History, art, politics, philosophy, psychology, sociology and literature all come together in the religion major. Two options are available to majors—a general religion track and a thematic track in which students concentrate on a particular interest in religion, such as mysticism or the role of women. Faculty offer introductory courses in a wide range of traditions as well as topics courses in more focused areas. Religion majors typically find the courses both timeless and timely, as the department deals with the perennial questions fundamental to all religious traditions, as well as the more current and contemporary problems of modern religious life.
The study of religion is really a study of what it means to be human. Religion has always been an important part of human social and personal life and has greatly influenced much of the world's art, music, dance, and drama. Exploring our own and others' rich cultural heritage, we can find a deeper basis for addressing the great moral and political problems of our time.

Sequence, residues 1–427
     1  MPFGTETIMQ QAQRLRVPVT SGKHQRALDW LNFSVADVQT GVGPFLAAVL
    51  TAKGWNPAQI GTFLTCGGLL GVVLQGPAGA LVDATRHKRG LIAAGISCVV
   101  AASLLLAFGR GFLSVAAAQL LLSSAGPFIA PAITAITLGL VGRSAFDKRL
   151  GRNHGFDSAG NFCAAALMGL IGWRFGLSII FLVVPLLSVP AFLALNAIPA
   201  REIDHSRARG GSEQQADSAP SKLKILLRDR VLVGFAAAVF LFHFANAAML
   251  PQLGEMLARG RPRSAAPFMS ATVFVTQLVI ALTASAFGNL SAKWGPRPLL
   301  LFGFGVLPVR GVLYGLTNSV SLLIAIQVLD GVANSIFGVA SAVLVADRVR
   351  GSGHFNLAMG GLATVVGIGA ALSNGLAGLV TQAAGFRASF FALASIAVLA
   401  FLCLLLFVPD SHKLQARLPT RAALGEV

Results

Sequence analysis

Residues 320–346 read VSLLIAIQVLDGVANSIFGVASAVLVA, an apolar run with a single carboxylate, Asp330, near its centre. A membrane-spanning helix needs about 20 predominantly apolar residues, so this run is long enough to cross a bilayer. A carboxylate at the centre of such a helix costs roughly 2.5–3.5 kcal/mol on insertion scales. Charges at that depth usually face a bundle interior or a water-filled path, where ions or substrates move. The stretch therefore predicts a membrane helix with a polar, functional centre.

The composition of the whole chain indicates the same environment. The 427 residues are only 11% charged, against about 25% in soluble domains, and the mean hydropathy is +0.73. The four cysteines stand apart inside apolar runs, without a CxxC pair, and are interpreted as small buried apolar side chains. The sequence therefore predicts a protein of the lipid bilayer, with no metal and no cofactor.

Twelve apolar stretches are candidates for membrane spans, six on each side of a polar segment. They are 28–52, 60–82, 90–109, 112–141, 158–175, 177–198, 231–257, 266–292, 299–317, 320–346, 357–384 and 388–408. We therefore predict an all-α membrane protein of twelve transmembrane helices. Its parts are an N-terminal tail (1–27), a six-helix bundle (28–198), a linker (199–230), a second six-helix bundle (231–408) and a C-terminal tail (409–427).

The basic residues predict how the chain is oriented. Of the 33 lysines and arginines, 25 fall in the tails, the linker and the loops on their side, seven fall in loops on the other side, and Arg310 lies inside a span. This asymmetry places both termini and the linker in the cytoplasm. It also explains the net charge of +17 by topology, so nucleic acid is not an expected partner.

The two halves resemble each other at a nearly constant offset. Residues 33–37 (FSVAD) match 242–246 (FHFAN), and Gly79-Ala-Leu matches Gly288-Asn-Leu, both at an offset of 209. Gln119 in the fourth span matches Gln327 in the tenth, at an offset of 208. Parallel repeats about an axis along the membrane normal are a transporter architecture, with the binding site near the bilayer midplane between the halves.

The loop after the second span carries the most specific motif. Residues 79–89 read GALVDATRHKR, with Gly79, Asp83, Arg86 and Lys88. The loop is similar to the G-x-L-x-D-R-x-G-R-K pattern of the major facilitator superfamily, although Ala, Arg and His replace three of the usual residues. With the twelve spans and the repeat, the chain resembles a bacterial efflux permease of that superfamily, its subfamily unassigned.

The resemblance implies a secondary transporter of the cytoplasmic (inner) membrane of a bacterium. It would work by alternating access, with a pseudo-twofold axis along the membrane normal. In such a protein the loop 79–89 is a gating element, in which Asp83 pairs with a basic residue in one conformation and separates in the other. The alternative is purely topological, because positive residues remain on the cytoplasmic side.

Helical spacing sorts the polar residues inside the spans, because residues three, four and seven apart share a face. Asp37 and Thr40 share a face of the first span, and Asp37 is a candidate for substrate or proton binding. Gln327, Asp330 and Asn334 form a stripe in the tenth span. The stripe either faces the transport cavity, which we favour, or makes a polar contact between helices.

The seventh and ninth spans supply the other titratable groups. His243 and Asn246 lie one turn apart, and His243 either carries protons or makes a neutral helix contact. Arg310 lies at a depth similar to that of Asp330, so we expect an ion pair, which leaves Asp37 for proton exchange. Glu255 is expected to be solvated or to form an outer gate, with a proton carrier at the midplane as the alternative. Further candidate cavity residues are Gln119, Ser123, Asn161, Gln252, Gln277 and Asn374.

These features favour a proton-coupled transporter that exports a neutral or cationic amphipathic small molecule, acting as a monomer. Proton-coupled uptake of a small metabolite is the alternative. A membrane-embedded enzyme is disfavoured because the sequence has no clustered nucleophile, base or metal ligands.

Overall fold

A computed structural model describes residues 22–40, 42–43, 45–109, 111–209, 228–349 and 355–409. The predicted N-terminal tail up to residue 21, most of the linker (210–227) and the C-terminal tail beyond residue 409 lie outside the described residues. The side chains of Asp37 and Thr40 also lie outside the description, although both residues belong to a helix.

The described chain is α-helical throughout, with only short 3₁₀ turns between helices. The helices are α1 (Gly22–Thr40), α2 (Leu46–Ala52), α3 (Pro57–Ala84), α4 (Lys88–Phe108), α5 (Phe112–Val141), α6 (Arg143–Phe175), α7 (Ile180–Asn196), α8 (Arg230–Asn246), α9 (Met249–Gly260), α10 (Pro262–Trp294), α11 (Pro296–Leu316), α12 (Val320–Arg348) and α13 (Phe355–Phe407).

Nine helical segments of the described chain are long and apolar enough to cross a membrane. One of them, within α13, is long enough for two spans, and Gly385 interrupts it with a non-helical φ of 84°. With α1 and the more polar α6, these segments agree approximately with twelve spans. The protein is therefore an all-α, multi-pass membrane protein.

The religion department at Dickinson has an abiding commitment to study the great traditions of Christianity and Judaism that have shaped the West, but we are also committed to help our students understand and respect the traditions of Hindus, Buddhists, Muslims, and Native Americans. Our courses explore ancient and modern interactions between religion and culture in areas such as art, literature, ritual, and ethics.
Students of religion think deeply about matters of the greatest consequence, including the nature of reality, the purpose of life, and the way people ought to behave towards one another. They step out of their own assumptions and values and come to better understand themselves, their culture, and the viewpoints of others.
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Sandra Steiner Ball '84
Sandra Steiner Ball '84 helps people of faith find value and hope as a United Methodist Church bishop.